Telephone coaching weight loss program as effective as in-person coaching
American Heart Association Late-Breaking Clinical Trial Report – Abstract: 18519 – EMBARGOED UNTIL 8AM ET
November 15, 2011
- Obese patients with heart disease risk factors lost weight and kept it off equally well in two different programs ― one delivered by coaches over the phone and another delivered in-person ― both using an interactive website with email feedback.
- Primary care physicians encouraged the patients’ weight loss at routinely scheduled visits.
- It’s likely that programs delivered by telephone with website support and physician encouragement could address a variety of heart disease risk factors and chronic medical conditions.
ORLANDO, FLA., Nov. 15, 2011 ― A weight loss program delivered by health coaches over the phone with website and email support but no in-person contact was as effective as one delivered in person, according to late-breaking research presented at the American Heart Association’s Scientific Sessions 2011.
The study is simultaneously published in the New England Journal of Medicine.
In both weight loss programs, primary care physicians had a supportive role and were presented as part of a team with the health coaches.
“Programs delivered by telephone with website back-up could be the wave of the future in addressing a variety of heart disease risk factors or managing chronic conditions,” said Lawrence J. Appel, M.D., M.P.H., lead researcher and professor of medicine, epidemiology and international health at the Johns Hopkins Medical Institutions in Baltimore, Md.
The Practice-based Opportunities for Weight Reduction (POWER) trial included 415 patients from six primary care practices in Baltimore who were obese and had high blood pressure, high cholesterol or diabetes.
Their goal was to lose at least 5 percent of initial weight within six months and keep it off during the 24-month study. Weight reduction can be associated with many health benefits, including lower levels of heart disease risk factors and preventing or improving diabetes and high blood pressure.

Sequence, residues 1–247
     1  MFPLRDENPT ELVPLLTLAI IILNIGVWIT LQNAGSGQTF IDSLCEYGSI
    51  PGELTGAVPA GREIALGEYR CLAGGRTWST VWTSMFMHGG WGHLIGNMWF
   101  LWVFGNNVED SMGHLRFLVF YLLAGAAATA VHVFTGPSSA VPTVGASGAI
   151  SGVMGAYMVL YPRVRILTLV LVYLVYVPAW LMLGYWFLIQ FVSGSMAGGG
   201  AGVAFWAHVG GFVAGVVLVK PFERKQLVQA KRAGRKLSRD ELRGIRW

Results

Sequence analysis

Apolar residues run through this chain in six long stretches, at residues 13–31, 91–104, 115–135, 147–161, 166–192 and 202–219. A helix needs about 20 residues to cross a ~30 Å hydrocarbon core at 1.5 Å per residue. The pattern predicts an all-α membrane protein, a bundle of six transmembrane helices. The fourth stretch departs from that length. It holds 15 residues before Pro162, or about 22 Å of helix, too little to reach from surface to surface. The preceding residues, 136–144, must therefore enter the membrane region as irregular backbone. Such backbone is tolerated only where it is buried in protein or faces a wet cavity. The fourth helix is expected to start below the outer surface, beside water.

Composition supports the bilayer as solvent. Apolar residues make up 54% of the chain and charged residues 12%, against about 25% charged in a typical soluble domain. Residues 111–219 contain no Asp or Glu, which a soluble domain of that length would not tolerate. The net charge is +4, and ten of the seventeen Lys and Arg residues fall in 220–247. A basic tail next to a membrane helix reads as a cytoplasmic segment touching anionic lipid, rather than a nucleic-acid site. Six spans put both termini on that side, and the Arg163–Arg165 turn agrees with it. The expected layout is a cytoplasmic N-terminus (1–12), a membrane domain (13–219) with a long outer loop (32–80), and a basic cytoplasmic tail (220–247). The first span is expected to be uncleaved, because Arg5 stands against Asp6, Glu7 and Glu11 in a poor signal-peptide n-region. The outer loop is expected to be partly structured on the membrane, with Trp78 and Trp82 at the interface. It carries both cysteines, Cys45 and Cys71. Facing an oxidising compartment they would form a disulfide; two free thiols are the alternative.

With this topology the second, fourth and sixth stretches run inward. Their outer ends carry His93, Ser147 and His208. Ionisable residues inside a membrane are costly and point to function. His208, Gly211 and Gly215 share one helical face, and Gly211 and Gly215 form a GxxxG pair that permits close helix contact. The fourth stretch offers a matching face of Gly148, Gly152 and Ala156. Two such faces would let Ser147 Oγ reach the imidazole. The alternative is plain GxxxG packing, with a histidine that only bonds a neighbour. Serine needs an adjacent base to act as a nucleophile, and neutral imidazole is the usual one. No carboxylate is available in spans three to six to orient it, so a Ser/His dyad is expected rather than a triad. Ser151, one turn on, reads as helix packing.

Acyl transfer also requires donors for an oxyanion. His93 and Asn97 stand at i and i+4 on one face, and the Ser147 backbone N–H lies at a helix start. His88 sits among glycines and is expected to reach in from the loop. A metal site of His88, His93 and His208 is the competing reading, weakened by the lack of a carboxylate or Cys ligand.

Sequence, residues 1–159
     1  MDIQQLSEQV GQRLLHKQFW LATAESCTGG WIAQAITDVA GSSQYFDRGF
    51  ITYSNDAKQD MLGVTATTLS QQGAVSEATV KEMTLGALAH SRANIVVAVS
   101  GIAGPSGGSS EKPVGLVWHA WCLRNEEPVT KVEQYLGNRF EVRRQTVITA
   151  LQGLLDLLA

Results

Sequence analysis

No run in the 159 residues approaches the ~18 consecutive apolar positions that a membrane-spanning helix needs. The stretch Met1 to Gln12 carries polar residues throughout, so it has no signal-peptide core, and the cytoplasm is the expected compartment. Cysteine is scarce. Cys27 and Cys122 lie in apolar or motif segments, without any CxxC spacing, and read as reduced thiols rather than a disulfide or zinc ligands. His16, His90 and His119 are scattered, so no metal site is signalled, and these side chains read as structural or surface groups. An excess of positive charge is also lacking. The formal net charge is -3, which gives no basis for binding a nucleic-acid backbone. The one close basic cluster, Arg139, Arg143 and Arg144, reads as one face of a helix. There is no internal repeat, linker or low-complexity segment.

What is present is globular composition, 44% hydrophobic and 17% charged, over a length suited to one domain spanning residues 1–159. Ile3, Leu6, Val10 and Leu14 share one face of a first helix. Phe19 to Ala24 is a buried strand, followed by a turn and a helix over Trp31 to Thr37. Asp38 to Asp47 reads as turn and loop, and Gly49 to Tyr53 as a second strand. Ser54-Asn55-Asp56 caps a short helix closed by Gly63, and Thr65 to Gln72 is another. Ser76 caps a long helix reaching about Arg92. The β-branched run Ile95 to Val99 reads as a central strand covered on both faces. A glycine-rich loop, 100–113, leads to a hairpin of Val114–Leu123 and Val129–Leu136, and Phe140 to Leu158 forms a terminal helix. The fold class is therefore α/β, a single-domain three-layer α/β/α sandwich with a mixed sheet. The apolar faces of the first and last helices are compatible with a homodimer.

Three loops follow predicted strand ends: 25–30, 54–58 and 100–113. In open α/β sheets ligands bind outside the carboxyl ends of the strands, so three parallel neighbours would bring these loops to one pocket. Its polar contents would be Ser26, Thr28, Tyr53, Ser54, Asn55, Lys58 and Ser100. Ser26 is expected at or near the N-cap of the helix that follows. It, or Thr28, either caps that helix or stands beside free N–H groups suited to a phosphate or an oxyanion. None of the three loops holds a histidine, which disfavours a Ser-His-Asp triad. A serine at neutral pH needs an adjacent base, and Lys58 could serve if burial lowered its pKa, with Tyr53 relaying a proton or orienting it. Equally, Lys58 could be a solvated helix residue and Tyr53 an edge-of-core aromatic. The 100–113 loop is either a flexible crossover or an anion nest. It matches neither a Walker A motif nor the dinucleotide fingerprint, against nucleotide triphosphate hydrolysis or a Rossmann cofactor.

At six months, success in achieving 5 percent or greater weight loss was:
- 14 percent in a self-directed group that received information and a list of weight-loss websites, but no counseling;
- 53 percent in a call-center-directed group that spoke on the phone with health coaches and that used an interactive website;
- 46 percent in an in-person-directed group that received in-person counseling along with some phone support and an interactive study website.
“I expected the biggest change in the in-person program and was surprised that the results were generally the same in the program delivered over the phone,” Appel said.
After 24 months, the percentage of participants weighing at least 5 percent less than they did at baseline was:
- 19 percent in the self-directed group;
- 38 percent in the call-center-directed group; and
- 41 percent in the in-person-directed group.
“The success in keeping off weight could be due to the active involvement of primary care physicians who encouraged their patients at routinely scheduled visits to stick with their weight loss program even when it was difficult,” Appel said.
The study participants were 64 percent women, 41 percent African-American. Their average age was 54 years. At baseline, average body mass index, or BMI, was 36.6 kg/m2 and average weight was 229 pounds.
Co-authors are Jeanne M. Clark, M.D., M.H.S.; Hsin-Chieh Yeh, Ph.D.; Nae-Yuh Wang, Ph.D.; Janelle W. Coughlin, Ph.D.; Gail Daumit, M.D., M.P.H.; Edgar Miller, M.D., Ph.D.; Arlene Dalcin, R.D.; Gerald J. Jerome, Ph.D.; Steven Geller, M.D.; Gary Noronha, M.D.; Thomas Pozefsky, M.D.; Jeanne Charleston, R.N.; Jeffrey B. Reynolds; Nowella Durkin; Richard Rubin, Ph.D.; Thomas A. Louis, Ph.D.; and Frederick L. Brancati, M.D., M.H.S.